Paramedic's Split-Second Decision May Have Saved Parkland Student's Life

During the Feb. 14 shooting at Marjory Stoneman Douglas High School in Parkland, Florida, officers had already counted Madeleine Wilford among the dead when they found her unconscious, with gunshot wounds to the chest. However, Lt. Laz Ojeda realized she still had a chance, and made the decision that arguably saved her life.

Ojeda is a lieutenant in the Coral Springs Fire Department, which is located one town over from Parkland. He is a cross-trained fire fighter and paramedic, and he arrived on the scene of the shooting early, according to a report by The Washington Post. He discovered Wilford with dropping blood pressure and a collapsed lung, but recognized that she was alive.

Ojeda put a chest seal on Wilford to block air from entering her chest. However, he knew that she needed to reach a surgeon or else she could drown in blood. He had been instructed to take injured students to a hospital 30 miles away, where policy dictated young patients should go. However, he feared Wilford wouldn't make it in time.

Another emergency responder had told Ojeda that Wilford was 15, but he doubted that estimation. He revived her just enough to get her to say that she was 17. At that point, he decided to take her to Broward Health North, an urgent-care facility only 12 miles from the crime scene.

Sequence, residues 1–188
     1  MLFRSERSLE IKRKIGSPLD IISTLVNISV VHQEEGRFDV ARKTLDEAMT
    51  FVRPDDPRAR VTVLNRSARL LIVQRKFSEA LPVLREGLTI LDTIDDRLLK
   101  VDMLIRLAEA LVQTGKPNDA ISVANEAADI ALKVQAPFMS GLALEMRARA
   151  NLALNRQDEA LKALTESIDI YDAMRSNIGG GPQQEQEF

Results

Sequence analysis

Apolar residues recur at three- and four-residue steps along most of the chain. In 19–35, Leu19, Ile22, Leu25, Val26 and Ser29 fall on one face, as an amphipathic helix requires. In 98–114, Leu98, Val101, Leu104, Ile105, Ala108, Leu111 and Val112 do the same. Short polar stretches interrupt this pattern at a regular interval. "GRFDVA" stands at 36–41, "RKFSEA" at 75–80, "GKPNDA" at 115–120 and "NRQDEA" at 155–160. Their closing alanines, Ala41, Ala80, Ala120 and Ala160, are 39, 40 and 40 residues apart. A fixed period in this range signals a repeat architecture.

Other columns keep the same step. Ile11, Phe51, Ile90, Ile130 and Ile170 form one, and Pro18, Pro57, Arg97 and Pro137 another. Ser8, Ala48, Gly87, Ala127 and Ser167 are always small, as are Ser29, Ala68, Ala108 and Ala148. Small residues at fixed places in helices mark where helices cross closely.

"That decision contributed to saving her life," Ojeda told The Washington Post, referring to what a physician had later told him.

Wilford underwent three surgeries in 40 hours, and she survived. On Monday, she sat just three seats down from Ojeda in a press conference.

"I'd just like to say that I am so grateful to be here. And it wouldn't be possible without the doctors and first responders and... all the love that everyone sent," Wilford said. Both she and Ojeda shed tears on stage, recounting the harrowing afternoon.

Wilford's story is one of the few hopeful accounts surfacing after that chaotic day at Stoneman Douglas High. The nation has been infuriated by reports that Broward County Sheriff's Deputy Scot Peterson remained outside the school during the shooting, and later resigned.

Officers from Coral Springs have reported that as many as three more deputies were seen standing outside rather than entering the building. Sheriff Scott Israel and his office have been under heavy scrutiny, though they've maintained that the investigations are ongoing.

For Wilford, and the other 15 injured survivors, it's hard to be enraged by that news when they're so grateful to be alive.

"It's hard for me to feel anything but gratitude and thanks for the miracle that's happened with her," said David Wilford, Maddy's father, also choking back tears at the press conference.


Igor Nichiporenko, Wilford's surgeon, called her recovery "miraculous." "She is very lucky," he told reporters. "Because we're talking about large-caliber bullets penetrating through the chest and the abdomen."

Nichiporenko estimated that Wilford could return to school as early as next week.